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Advancing personalized medicine in IBD


Ask Joanna Melia, MD, what her biggest practice challenge is, and she’d say the need for more precision medicine in inflammatory bowel disease.

Gastroenterologists have more treatments at their disposal today than ever before, particularly in the last decade. “We have had tremendous advances in many areas of understanding contributors to disease,” said Dr. Melia, an assistant professor of medicine at Johns Hopkins Medicine in Baltimore who specializes in inflammatory bowel disease (IBD). But the hurdle is in translating the science to clinical care that is individualized to each patient based on condition and stage of the condition.

Joanna Melia, MD, gastroenterologist, Johns Hopkins Medicine

Dr. Joanna Melia

“That still remains a bit of a dream,” she said. Much of her career has been devoted to chasing down a particular genetic variant that contributes to IBD, with the goal of reaching more precise treatments for patients.

In an interview, she shared how she entered this line of work, and what her research has revealed about Crohn’s disease, manganese, and a common genetic variant known as ZIP8.

Q: Your expertise is in inflammatory bowel disease and manganese deficiency. Why did you choose these two areas as your focus in GI?

Dr. Melia: In talking to many patients with IBD, I was always struck by the questions around nutritional factors related to disease. As a fellow, I was embedded in a lab that focused on genetics of IBD. A micronutrient transporter, ZIP8, has a mutation in it that increases the risk of Crohn’s disease.

I’ve dedicated the last 8 years to understanding how this mutation can increase risk. It initially started out as a project focused on zinc, because that’s what the transporter was thought to regulate. However, it’s evolved as we’ve learned more about it, underscoring the importance of manganese, another micronutrient that we derive from food.

We have established that having this mutation changes how the body handles manganese and affects downstream processes that involve manganese. What I’m doing now is trying to connect those dots on why those processes are important in Crohn’s disease and whether we can target them for treatment.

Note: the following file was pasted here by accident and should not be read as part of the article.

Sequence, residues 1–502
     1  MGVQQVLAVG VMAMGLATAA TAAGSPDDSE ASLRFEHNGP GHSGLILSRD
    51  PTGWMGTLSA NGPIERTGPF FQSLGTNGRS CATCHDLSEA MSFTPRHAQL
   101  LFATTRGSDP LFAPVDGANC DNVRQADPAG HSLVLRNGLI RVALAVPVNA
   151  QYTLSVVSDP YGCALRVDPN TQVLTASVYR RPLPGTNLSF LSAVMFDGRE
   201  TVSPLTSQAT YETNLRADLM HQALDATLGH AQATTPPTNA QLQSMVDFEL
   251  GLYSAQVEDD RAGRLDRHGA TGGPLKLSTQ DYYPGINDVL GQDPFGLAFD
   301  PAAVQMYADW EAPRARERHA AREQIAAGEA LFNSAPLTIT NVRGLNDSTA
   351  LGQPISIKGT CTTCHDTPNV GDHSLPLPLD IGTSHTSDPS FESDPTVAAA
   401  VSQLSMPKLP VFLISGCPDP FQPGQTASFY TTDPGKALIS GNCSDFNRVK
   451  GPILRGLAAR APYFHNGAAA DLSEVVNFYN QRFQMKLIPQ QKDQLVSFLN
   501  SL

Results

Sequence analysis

Q: How does manganese deficiency lead to chronic IBD?

Dr. Melia: In individuals with this mutation, their blood manganese levels are lower than people who don’t have this mutation. When we talk about manganese deficiency or insufficiency, what we’re really talking about is lower blood levels. But it’s more complicated than that at the tissue level.

What we and other groups are working on right now is trying to understand if the manganese levels change in the gut and what happens in inflammation. The gut is a particularly interesting area for manganese, in that much of the manganese that we eat is excreted. We only absorb a small amount of it. And so, manganese levels within the gut lumen may actually be quite high – and may be even higher in inflammation. But there are things we don’t understand about that and how it relates to mucosal levels of manganese and Crohn’s disease. The ileum, the site of the Crohn’s disease that’s specifically associated with this mutation, might be particularly sensitive to changes in the manganese levels or the downstream processes that changing manganese availability affects.

One of those processes is glycosylation. Manganese is important to properly glycosylate your proteins. Many enzymes help cells put sugars on proteins, and many of those enzymes need manganese to do it. Glycosylation of proteins is important so cells know where those proteins should go, and the sugars help them stay where they need to be. When you change protein glycosylation, you can stress the cells. We know individuals who carry this mutation have changes in the glycosylation of their proteins. What we’re working on right now is understanding which key proteins might change when that happens, and why that’s a potential problem, especially in the ileum.


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